Slicer said it’s a shame Williamson won’t be able to build on that relationship and others this spring. He sees Williamson as someone to pass on the ethos of the talented and dedicated group that graduated last season to the promising group of underclassmen that would have made up the majority of this year’s roster.

But Slicer added Williamson already made a huge impact as a leader by example during the offseason.

“He’s a throwback,” Slicer said. “He’s more passionate about baseball than any kid I’ve ever seen. He works like crazy. He spent a ton of time in the weight room, working on his legs, and a ton of time in the (batting) cage. Baseball means everything to him. He’s got a perfect approach to the game.”

“I think he saw we had some talent coming back, and saw how they were dedicated and working hard, and he was really looking forward to being that leader,” Slicer said.

As big of a part of the Vikings’ success as he’s been over the past three years, Williamson still deserved a season removed from the shadows of Carson and the rest of last year’s senior class, Slicer said.

“He never got a chance to be the best. He never got a chance to be the guy the other team looked at and said, ‘Oh, boy, we’ve got to face him,'” Slicer said. “I think Wyatt had some things he wanted to prove. He was confident. He really felt like he was going to be one of the better pitchers in the state. He was throwing hard and he had great command.”

“From the day I got him (as a freshman), he gave me everything he had, and that’s special,” Slicer added. “He was never afraid of a challenge, even when he was that little freshman. I’ve never had a more fierce competitor. When he was a freshman starting varsity he had to bust his ass to prove he belonged, and now as a senior he was going to be the best.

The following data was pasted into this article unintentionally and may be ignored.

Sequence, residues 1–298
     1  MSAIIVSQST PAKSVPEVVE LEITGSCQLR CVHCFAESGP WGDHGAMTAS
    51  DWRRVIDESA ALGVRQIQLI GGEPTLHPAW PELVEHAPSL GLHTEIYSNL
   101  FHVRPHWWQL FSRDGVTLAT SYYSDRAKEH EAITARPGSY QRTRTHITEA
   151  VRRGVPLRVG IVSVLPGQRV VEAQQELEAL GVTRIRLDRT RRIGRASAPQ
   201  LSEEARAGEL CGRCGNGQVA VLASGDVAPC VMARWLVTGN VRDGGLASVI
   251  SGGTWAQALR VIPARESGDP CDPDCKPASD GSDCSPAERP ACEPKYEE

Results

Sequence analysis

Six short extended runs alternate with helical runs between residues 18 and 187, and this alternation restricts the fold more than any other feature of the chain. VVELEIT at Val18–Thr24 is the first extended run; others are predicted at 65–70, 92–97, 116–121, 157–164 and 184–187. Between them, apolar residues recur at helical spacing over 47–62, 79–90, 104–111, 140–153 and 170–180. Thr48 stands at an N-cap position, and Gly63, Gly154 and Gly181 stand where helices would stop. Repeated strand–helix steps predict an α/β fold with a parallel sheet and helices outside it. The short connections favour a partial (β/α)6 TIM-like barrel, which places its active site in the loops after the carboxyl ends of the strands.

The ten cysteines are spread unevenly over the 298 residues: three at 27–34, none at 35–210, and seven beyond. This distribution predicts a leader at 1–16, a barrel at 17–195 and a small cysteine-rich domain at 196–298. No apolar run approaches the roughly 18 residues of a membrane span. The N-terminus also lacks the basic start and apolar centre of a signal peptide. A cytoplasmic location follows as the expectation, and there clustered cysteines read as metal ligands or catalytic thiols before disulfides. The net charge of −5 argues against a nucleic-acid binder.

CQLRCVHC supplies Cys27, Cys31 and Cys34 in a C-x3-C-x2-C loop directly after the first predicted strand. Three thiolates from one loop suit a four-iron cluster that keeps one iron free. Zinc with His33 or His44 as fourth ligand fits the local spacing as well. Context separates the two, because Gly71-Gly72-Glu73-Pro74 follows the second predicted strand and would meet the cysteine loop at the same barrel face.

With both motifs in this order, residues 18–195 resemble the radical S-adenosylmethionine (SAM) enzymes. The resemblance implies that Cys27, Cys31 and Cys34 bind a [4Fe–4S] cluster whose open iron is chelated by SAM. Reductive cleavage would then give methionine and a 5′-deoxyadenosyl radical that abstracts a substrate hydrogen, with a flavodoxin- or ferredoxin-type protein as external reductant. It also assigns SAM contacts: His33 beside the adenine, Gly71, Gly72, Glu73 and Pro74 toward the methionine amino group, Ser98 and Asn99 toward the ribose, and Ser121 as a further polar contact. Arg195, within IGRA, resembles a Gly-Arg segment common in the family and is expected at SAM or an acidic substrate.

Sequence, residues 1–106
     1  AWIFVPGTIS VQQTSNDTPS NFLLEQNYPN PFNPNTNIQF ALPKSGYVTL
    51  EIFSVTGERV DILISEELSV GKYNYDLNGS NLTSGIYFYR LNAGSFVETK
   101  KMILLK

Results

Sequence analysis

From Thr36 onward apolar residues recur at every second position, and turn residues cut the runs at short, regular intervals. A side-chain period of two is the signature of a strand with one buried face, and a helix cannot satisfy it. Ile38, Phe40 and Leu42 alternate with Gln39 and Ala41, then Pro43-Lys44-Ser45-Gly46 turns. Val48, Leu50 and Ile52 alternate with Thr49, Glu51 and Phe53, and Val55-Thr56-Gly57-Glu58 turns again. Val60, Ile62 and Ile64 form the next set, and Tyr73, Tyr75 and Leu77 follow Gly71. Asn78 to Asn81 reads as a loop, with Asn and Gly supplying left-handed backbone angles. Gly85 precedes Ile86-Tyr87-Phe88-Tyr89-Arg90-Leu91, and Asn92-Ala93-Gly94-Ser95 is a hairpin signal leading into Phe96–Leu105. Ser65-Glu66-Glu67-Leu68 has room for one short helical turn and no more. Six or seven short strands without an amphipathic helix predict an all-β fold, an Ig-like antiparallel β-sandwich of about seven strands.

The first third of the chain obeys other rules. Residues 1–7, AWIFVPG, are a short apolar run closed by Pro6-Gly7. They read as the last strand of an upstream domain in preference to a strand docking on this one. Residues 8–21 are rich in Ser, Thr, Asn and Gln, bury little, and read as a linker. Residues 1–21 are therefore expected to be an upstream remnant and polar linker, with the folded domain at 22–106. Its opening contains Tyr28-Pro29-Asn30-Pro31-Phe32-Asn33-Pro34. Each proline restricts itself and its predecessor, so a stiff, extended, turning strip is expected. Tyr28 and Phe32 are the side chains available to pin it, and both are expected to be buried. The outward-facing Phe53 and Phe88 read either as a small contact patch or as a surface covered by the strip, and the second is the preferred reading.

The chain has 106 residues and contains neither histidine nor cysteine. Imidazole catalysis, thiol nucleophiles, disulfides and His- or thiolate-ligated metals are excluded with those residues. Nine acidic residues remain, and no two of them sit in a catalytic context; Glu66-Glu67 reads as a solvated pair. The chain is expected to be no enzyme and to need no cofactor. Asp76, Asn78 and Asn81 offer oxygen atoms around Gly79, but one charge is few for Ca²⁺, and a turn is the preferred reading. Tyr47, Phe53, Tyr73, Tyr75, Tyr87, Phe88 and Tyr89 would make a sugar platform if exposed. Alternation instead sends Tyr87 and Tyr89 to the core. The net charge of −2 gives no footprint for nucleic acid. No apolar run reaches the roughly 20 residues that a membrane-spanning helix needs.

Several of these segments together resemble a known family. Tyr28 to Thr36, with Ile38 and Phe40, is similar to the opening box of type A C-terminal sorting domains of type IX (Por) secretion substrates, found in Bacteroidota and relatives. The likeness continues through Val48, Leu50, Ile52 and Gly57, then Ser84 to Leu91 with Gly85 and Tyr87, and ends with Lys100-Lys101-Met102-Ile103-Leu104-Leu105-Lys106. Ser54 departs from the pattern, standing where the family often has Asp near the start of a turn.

“Now he’s going to USM and he’ll have to go back to square one.”

At least that square will be populated with fellow Vikings. Cam Slicer, Ashton Kennison, Janek Lukza and Rodney Bean had their freshman season at USM canceled after one game due to the coronavirus.

“I guess one good thing about (losing this season) is it means my last season playing here, I got to do it with all of my best friends,” Williamson said. “I can’t wait to play with them again.”

To that end, and still holding out hope that there will be an American Legion season this summer, Williamson continues to work out, lift weights and takes occasional batting practice with his father on a ball field in Woodstock.  He has grown a couple of inches and his weight has shot up from 150 to 170 pounds, which he hopes will put him in the best position to contribute to his next team, whether it’s Bessey Motors in Legion or USM in fall ball.

Although he is close with Cam Slicer and plans on spending more time with Shane Slicer before he enrolls in college, Williamson said not having the chance to play one last season as a Viking for Slicer and assistant coach Joe Oufiero may be the toughest pill to swallow.

“I’m really honored to have played for ‘Slice’ and ‘Coach O,'” he said. “Even though I’m best friends with Cam, and he and I and Slice will be doing a lot of smelting and hunting and fishing together in the future, I think I’m definitely missing out.”